The cost of higher education is a major headache for people, even years after they’ve graduated. A program in Washington state aims to make borrowing for college a little easier.
State lawmakers passed a measure this year that will establish a 1% interest rate student loan program. It will get started with a one time $150 million investment from the state, after an actuary analyzes the plan.
The bill’s sponsor, state Rep. Pat Sullivan – D-Covington – said the state had big budget surplus this year.
“We had a decent amount of one time money that was available,” said Sullivan, “and I really thought that putting it into a student loan account for 1% student loans just made a lot of sense. The timing was just perfect.”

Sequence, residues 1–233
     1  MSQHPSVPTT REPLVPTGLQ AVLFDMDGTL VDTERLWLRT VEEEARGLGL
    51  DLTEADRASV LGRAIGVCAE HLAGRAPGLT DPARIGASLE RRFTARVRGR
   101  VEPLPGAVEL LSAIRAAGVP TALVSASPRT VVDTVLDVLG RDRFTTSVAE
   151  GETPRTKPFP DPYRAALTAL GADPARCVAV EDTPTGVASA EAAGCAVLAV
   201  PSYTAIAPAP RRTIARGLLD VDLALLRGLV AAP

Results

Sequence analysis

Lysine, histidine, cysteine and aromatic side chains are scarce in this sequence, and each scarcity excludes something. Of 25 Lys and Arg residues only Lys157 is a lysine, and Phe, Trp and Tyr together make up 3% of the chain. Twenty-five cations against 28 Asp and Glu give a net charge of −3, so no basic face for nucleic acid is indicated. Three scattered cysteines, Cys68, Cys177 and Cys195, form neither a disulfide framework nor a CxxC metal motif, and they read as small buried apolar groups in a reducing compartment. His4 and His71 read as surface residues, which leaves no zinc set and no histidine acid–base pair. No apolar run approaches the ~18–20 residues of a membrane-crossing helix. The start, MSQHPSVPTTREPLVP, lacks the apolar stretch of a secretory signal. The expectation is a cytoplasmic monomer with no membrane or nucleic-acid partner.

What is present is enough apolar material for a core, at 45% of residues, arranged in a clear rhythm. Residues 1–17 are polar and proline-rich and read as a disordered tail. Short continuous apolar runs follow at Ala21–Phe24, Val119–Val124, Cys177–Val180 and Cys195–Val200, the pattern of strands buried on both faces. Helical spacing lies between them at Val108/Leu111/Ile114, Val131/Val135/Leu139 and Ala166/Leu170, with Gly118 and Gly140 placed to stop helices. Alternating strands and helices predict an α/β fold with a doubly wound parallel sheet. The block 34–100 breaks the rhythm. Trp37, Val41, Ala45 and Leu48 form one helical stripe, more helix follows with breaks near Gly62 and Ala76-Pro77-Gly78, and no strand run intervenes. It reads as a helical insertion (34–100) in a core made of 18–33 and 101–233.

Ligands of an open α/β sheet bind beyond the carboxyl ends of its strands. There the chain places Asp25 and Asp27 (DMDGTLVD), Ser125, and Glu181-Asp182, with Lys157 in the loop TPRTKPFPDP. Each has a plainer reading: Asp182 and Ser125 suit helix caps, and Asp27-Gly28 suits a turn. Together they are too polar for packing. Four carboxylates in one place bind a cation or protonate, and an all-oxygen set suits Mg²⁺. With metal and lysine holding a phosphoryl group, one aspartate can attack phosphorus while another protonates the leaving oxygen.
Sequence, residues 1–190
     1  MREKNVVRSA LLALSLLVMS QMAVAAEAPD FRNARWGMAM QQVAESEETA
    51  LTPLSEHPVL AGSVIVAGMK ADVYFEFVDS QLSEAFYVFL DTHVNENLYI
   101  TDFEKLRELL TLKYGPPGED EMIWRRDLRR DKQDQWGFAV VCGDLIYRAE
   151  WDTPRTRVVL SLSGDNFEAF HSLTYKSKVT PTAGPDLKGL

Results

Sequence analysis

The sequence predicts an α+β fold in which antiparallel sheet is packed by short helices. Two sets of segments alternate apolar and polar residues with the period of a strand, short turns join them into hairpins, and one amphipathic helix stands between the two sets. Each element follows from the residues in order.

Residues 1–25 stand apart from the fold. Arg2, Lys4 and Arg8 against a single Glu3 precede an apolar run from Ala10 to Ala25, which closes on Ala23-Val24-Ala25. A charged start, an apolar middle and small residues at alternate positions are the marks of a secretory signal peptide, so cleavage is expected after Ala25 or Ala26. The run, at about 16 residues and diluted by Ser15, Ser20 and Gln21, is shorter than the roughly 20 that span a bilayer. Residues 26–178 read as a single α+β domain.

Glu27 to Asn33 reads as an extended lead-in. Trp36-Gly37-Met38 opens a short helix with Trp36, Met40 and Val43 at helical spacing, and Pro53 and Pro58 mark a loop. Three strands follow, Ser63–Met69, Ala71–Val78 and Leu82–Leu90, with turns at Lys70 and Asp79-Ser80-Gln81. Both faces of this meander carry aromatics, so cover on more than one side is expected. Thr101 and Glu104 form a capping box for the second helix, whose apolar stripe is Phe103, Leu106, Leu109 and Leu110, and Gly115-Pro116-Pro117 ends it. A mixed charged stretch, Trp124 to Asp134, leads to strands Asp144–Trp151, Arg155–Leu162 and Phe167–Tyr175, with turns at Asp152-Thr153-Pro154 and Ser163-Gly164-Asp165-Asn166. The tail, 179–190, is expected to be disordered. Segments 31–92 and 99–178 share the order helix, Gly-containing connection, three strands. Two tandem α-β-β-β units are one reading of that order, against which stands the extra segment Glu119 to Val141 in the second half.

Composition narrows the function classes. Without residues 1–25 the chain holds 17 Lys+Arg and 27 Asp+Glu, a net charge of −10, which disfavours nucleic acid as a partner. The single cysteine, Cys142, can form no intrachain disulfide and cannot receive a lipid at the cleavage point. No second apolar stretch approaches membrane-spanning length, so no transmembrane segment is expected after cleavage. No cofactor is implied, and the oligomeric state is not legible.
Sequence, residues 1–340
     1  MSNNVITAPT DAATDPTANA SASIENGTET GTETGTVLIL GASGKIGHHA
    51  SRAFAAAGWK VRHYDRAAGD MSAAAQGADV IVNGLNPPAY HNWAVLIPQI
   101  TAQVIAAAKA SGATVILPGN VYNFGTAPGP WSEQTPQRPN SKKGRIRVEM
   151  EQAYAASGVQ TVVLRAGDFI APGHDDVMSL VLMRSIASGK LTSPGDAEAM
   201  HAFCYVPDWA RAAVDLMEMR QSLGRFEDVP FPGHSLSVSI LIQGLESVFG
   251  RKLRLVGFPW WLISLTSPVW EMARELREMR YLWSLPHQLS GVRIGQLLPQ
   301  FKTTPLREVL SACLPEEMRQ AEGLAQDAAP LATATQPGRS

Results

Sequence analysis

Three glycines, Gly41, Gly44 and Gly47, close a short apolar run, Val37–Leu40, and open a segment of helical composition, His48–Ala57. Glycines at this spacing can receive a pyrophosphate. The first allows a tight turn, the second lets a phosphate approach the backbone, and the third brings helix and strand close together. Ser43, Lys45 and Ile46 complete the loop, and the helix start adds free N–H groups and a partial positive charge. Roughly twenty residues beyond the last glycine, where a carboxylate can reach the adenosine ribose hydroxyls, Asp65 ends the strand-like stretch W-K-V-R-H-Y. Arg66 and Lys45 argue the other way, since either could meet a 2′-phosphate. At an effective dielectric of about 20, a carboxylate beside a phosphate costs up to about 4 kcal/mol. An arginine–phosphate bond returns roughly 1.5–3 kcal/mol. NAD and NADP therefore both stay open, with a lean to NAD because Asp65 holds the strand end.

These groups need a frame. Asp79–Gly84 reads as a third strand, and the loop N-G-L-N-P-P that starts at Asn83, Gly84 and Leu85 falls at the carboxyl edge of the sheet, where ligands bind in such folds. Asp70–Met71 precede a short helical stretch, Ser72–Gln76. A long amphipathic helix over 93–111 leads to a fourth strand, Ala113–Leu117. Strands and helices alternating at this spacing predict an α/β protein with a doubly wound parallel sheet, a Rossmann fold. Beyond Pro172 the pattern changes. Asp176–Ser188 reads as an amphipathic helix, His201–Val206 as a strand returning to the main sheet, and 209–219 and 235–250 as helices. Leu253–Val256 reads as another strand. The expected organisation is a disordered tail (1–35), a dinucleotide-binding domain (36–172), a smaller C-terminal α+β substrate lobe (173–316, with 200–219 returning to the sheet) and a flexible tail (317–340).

The state had a $15 billion surplus to work with during the 2022 session.
Most Republicans voted against the legislation, saying the money should have gone back to Washingtonians through tax breaks.
Washingtonians owe an average of about $33,000 in student debt, according to the website Student Loan Hero. Sullivans said that debt is a burden for people long after they leave college.
“Interest rates are too high,” said Sullivan. “You’re having people graduate unable to take out a loan even for a car in some instances, and buying a home is way out of reach given the debt load that they graduate with.”
The Biden administration is considering canceling some amount of people’s student debt – possibly up to $10,000.
Sullivan – who is also the Majority Leader in the state House – said that’s great, but his 1% loan program aims to help students going forward.
“That’ll help a lot of students but this is into the future,” said Sullivan, “and so until the federal government can come up with a better solution for students, then they’re going to continue to rack up debt.”
A report on how the program could work long-term, and what funding level it might need, is due on the governor’s desk December 1.
Support for this reporting was provided by Lumina Foundation.